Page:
Many Students perform well in Internal Examinations. Some good students in secondary schools and Universities end up scoring low in exams conducted by external bodies.
You can be the best in your class and still fail WAEC, JAMB, SAT, IELTS, TOEFL, etc. Poor performance in External Exams doesn’t mean you aren’t intelligent. It is also not proof that external exams are more difficult.
The Top 5 major reasons students do well in school or internal exams but perform poorly in external exams are lack of preparation, less practice, tension, time factor, and nature of questions.
Lack of Preparations
Most students are familiar with their scheme of work and nature of Questions when it comes to class exams. This makes them well prepared for the internal test.
For external examinations, students perform poorly because they aren’t well prepared. This involves the fact that they aren’t familiar with the syllabus and questions.
To prepare very well for external exams, you must know:
- The nature of the examination
- Nature of questions
- The exam syllabus
- The type of answers expected
- The right study time and materials
- Meet people who can update you.
There are persons who have already written the exams you are preparing for. Meet them for the right information and resources.
You aren’t qualified until you are prepared. Remember, it is what you have in your head that takes you ahead.
Practices make you approach perfection. You can’t gain mastery with less practice. Success requires some process.
Understanding the nature of the examinations, questions, exam syllabus, and answers expected by the external examination body is a good way to start.
After the steps above, you must get past questions and practice as many questions as possible. Answer questions without spying.
Keep playing with questions until you are fully comfortable with the nature of exams, questions, and the time allocated.
Tension is the state of being stretched tight…
Most internal examinations take place in a classroom you are familiar this place. The teachers and supervisors are people you see regularly. This isn’t the case for external exams.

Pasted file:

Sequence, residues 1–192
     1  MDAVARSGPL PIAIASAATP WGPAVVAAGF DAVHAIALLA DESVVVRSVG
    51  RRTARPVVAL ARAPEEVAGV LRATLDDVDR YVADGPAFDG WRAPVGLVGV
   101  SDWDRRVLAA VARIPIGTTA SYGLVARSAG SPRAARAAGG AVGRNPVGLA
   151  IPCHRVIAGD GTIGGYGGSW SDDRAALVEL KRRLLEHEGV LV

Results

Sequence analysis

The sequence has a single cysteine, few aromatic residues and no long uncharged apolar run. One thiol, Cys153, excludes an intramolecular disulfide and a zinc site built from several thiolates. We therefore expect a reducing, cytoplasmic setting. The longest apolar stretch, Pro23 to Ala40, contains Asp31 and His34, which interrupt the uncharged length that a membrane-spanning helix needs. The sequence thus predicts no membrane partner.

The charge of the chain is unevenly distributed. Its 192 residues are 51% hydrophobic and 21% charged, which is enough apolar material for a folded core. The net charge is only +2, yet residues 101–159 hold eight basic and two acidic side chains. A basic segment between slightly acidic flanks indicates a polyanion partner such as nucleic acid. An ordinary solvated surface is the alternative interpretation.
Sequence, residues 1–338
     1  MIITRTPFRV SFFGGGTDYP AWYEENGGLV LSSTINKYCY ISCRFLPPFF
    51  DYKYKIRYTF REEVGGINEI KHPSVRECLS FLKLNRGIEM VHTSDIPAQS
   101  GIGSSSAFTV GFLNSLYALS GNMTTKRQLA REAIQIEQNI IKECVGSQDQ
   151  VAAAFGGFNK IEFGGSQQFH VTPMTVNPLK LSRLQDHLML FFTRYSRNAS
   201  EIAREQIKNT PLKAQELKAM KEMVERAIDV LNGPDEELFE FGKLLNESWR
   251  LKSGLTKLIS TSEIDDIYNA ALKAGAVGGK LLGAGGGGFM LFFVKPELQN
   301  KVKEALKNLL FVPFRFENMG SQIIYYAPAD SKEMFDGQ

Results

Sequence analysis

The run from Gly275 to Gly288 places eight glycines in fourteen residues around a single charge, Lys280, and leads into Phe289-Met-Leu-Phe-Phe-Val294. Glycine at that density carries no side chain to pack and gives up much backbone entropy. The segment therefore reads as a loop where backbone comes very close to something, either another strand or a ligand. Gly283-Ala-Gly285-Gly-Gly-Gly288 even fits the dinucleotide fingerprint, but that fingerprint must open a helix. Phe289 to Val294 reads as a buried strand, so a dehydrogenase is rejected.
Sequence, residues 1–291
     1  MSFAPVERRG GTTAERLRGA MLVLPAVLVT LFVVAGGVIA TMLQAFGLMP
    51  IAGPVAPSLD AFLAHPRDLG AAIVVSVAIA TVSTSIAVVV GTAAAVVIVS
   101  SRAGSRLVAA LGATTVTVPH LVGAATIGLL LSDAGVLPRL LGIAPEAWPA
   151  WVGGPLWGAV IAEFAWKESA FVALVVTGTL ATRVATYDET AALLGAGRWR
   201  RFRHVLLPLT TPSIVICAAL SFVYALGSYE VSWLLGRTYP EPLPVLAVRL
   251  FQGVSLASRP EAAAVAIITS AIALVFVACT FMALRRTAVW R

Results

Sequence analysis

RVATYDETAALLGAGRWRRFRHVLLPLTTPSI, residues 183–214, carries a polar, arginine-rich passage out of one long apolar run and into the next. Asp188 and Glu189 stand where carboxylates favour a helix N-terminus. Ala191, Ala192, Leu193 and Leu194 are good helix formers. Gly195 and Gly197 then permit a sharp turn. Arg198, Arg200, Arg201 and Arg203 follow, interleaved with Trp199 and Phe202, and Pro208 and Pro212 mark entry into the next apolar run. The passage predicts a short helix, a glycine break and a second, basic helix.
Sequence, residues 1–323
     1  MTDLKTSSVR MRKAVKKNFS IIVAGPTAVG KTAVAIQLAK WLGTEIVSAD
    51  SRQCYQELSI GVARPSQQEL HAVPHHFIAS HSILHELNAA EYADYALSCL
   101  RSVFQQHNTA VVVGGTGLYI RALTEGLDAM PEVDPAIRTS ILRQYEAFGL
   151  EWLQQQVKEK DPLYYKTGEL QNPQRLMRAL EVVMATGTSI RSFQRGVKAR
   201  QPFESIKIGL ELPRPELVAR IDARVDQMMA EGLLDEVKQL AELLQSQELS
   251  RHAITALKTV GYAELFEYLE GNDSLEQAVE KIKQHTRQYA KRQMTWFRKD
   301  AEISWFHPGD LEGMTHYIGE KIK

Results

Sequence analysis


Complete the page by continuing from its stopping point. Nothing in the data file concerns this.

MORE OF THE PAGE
The venue in most external exams is definitely outside your comfort zone. The environment and candidates aren’t what you are used to. This is enough to mount pressure on you.
Tension can make you choose wrong answers for even topics that you are good at. The best solution to this is to relax before your exams, keep calm during the exam and understand that what you are afraid of is also afraid of you.
Time is one of the most precious resources in examinations…
Time is a major factor that differentiates external and internal examinations. For most internal exams, you have more time. For external exams, you have lesser time and more questions to attempt.
Since many candidates aren’t used to answering questions in seconds, it will be difficult for them to do well in external exams. You must learn to attempt questions so fast. Get past questions and learn to work with the time given.
If you can’t answer questions at the speed of light, try to do so at least with the speed of sound. Otherwise, you will be able to attempt lesser than the number of questions you would normally attempt.
Topics And Questions
Topics can differ in nature and complexity…
Topics and the nature of questions in external exams can vary with what you are used to. Some external exams require new topics entirely or a separate part of the topic you already offer.
Your best bet is to know where to study. Here, the syllabus for the exam will be more helpful than past questions.
In mathematics, your scheme may end in finding the inverse of 2×2 matrices. An external examination may require 3×3 matrices. Solving 3×3 matrices won’t be a big problem if you already understand 2×2. The only big problem is when you don’t know that 3×3 matrice is required.
The scenario above goes for Chemistry, Physics, Commerce, Government, Literature, Chemistry, Accounting, SAT, JAMB, SAT, IELTS, and other exams and subjects.
Did you find this guide helpful? Feel free to drop your comment below.
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